Anti-vaccine letter harmful

I am writing in response to the letter to the editor entitled “Flu shot picture doesn’t help” written by J.L. Craig.

I am writing in response to the letter to the editor entitled “Flu shot picture doesn’t help” written by J.L. Craig and featured in the Nelson Star on November 2.

It’s an unfortunate fact that every fall we see articles and letters incorrectly stating that the influenza vaccine is harmful and unnecessary. These commentaries, which often contain erroneous and exaggerated details, are concerning to medical professionals on the frontlines in the battle against influenza.

Physicians and nurses who have thoroughly studied the benefits of immunization advise people to get the influenza vaccine. These are society’s health-care providers. They are the people who actively work to keep people safe from unnecessary sickness. They have witnessed firsthand, every winter, the impact of influenza on children and adults of all ages. They are knowledgeable about and committed to population health and wellness.

While influenza vaccine is not 100 per cent effective in eliminating any chance of infection, it is the best preventative weapon we have to reduce the annual winter toll of illness among our most vulnerable citizens.

While Cochrane reviews of medical evidence are one source of assessment, there are limitations to their assessment processes. Readers wanting to be fully informed may want to review BC Medical Health Officers discussion of those limitations at newsroom.gov.bc.ca/ministries/health/factsheets/letter-to-editor-vaccinating-healthcare-workers.html

Health professionals know that while influenza symptoms can be mild for many, the illness can also be deadly for some. Influenza infection is often more serious for seniors and those with preexisting health conditions. Complications from influenza can include bacterial pneumonia, bacterial meningitis, ear infections, sinus infections, dehydration, and worsening of chronic medical conditions, such as congestive heart failure, asthma, chronic obstructive pulmonary disease and diabetes. Healthy adults who choose not to get immunized should consider the impact of their decision. If they do get sick with the flu they can pass the illness along to a person who is more susceptible to severe influenza illness — their elderly mother, perhaps, or their neighbour’s new baby.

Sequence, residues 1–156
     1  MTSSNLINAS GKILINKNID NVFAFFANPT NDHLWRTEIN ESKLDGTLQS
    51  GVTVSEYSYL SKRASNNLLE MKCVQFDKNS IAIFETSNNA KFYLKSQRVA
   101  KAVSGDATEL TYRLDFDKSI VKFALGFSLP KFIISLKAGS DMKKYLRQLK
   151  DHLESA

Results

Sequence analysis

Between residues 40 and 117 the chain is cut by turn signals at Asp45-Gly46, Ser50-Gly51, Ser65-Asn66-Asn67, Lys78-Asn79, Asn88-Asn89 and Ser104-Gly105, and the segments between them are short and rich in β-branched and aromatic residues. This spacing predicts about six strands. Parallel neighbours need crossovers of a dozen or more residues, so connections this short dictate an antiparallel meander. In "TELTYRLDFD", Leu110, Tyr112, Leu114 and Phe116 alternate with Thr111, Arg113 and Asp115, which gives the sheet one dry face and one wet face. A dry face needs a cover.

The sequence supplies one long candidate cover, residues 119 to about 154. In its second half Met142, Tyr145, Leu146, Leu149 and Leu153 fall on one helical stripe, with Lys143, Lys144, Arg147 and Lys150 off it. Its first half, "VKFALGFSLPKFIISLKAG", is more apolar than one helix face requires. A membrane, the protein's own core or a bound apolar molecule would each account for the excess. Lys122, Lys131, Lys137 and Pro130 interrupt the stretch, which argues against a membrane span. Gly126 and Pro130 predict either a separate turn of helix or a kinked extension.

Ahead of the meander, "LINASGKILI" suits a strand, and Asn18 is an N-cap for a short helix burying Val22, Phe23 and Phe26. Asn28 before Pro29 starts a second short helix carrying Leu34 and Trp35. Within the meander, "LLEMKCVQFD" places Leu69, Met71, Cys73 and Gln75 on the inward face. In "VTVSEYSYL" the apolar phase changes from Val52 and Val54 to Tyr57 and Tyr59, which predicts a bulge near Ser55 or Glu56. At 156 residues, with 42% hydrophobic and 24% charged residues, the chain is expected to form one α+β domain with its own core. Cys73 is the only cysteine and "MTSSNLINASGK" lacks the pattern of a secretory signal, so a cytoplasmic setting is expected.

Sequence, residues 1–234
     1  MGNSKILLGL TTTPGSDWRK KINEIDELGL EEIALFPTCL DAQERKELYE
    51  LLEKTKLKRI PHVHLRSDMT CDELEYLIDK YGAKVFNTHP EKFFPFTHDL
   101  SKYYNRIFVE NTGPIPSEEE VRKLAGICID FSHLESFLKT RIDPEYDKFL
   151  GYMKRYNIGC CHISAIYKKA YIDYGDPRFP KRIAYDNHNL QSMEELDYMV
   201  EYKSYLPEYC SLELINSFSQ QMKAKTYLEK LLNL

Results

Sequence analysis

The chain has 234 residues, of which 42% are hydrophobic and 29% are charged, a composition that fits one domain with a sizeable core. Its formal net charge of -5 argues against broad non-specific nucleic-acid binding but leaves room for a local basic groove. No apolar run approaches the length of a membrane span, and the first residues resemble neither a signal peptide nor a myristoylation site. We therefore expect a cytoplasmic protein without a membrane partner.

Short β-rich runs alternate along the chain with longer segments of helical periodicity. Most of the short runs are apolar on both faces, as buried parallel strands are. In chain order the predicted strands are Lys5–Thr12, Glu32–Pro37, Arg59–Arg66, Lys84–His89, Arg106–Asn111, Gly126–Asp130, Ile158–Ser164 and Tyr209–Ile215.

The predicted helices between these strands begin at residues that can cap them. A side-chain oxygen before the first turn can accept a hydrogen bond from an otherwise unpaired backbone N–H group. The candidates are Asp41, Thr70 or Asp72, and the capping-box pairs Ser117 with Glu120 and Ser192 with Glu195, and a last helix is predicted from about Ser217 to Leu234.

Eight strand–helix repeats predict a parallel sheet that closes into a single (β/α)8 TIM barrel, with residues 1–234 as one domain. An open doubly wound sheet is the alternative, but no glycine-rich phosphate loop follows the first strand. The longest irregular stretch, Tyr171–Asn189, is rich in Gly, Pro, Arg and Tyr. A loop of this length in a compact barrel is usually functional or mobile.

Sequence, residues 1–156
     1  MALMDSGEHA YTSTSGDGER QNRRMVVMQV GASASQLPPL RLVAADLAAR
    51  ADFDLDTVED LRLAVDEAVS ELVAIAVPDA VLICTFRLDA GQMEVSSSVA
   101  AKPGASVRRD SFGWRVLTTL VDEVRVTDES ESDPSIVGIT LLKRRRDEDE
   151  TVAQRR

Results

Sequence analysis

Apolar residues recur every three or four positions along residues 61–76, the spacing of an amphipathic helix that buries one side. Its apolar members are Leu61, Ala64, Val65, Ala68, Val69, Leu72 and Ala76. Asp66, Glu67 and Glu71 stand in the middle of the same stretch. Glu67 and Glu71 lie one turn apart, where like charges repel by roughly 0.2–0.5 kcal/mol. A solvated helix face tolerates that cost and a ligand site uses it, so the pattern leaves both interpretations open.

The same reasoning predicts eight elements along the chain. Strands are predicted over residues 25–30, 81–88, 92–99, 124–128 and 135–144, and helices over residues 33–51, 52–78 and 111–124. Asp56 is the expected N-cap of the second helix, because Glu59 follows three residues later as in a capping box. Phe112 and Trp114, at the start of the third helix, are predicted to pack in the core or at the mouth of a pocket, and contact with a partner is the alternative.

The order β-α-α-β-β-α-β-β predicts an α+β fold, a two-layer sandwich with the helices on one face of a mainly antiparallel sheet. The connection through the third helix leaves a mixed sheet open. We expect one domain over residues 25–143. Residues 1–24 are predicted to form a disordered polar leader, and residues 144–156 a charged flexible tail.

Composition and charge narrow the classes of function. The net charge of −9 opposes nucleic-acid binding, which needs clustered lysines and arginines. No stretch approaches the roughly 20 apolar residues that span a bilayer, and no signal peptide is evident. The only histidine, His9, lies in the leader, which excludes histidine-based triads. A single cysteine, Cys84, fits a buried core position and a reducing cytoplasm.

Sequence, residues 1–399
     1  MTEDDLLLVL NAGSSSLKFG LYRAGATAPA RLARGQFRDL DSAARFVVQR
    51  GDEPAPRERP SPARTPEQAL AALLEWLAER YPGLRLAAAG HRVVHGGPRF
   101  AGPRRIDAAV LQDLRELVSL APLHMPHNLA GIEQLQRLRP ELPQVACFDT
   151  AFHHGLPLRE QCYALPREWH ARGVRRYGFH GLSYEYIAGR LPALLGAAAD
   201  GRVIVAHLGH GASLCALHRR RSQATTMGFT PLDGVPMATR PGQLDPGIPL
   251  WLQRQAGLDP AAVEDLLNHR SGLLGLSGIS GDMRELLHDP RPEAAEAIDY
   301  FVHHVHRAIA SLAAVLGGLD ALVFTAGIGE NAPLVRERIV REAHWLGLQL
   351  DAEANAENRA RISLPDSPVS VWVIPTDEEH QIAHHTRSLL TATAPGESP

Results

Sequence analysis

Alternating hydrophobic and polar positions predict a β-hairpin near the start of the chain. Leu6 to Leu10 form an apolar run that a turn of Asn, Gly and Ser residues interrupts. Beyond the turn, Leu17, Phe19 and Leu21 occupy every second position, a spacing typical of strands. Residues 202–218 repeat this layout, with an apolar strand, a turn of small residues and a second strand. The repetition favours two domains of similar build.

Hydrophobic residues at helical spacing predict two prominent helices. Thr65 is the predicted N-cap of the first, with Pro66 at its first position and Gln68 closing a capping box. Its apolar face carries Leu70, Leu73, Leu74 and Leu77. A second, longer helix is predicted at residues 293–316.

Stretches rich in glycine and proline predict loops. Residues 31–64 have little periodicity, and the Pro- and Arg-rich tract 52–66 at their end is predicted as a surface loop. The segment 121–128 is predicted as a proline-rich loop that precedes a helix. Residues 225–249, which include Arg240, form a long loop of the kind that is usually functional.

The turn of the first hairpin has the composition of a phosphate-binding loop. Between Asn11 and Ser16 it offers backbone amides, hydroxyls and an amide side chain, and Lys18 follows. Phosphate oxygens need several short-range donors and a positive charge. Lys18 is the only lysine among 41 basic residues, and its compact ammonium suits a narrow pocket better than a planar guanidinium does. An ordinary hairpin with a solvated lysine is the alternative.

I would strongly encourage your readers to visit the ImmunizeBC website at immunizeBC.ca or contact their local public health nurse for accurate and balanced information about vaccinations.

Dr. Robert A. Parker

Medical Health Officer

Interior Health

 

Just Posted

Nelson, Salmo councils decline to contribute to preservation of Cottonwood forest

The decisions have effectively stalled negotiations between the RDCK and the landowner, Kootenay Land Corporation

KBRH on watch for bed bugs after two recent cases

Spokesperson Mandy Lowery says there has not been a bed bug sighting at KBRH since Dec. 8

Avalanche Canada issues special public warning

Very weak layer buried under recent snow a cause for concern

Coffee card donations return at Wait’s News

The program supplied over 200 cards last year

Trafalgar students build home for sanctuary horse

Grade 8 students collaborated on a project with a local farm sanctuary

VIDEO: Royals reveal the images on their Christmas cards

Prince William and his wife Kate are shown outside in casual clothes, their three young children in tow

Media, robotics, Indigenous studies coming to B.C. Grade 12 classrooms in 2019-20

Provincial tests are also being changed for students in Grade 10 to 12, the Education Ministry said

ICBC to apply for 6.3% hike to basic insurance rates

Crown Corporation said it will be submitting its next basic rate application to the British Columbia Utilities Commission Friday

Stranded B.C. trucker writes final wishes before being rescued 3 days later

‘I was just praying someone would come along’

Canfor Corp. extending temporary curtailment of sawmills in B.C.; cutting hours

Vancouver-based company says the decision is due to declining lumber prices, high log costs and log supply constraints

Canada’s prospective world junior team members await final roster decisions

Thirty-four players were invited to the national junior selection camp

Final phase of Kelowna hospital cardiac centre completed

Finishing new recovery rooms marks completion of $381 million project

Family searching for B.C. professor last seen at Colombian salsa club

Ramazan Gencay, a professor in economics at Simon Fraser University, was last seen in Medellin

Rash of bomb threats a learning opportunity for response capacity, Goodale

Thursday’s wave of bomb threats swept across communities on both sides of the Canada-U.S. border

Most Read